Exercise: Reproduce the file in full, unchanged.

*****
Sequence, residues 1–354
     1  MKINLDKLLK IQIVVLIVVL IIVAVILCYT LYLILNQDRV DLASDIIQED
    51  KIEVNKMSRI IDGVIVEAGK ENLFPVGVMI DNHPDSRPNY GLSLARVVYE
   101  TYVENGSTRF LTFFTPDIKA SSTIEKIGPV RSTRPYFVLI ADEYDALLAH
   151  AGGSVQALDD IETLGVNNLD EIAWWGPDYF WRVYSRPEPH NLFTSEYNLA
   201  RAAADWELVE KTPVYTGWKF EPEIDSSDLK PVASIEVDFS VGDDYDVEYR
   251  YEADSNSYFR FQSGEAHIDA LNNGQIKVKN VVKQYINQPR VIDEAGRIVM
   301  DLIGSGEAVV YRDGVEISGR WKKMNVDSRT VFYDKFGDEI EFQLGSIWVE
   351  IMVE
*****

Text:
Sequence, residues 1–354
     1  MKINLDKLLK IQIVVLIVVL IIVAVILCYT LYLILNQDRV DLASDIIQED
    51  KIEVNKMSRI IDGVIVEAGK ENLFPVGVMI DNHPDSRPNY GLSLARVVYE
   101  TYVENGSTRF LTFFTPDIKA SSTIEKIGPV RSTRPYFVLI ADEYDALLAH
   151  AGGSVQALDD IETLGVNNLD EIAWWGPDYF WRVYSRPEPH NLFTSEYNLA
   201  RAAADWELVE KTPVYTGWKF EPEIDSSDLK PVASIEVDFS VGDDYDVEYR
   251  YEADSNSYFR FQSGEAHIDA LNNGQIKVKN VVKQYINQPR VIDEAGRIVM
   301  DLIGSGEAVV YRDGVEISGR WKKMNVDSRT VFYDKFGDEI EFQLGSIWVE
   351  IMVE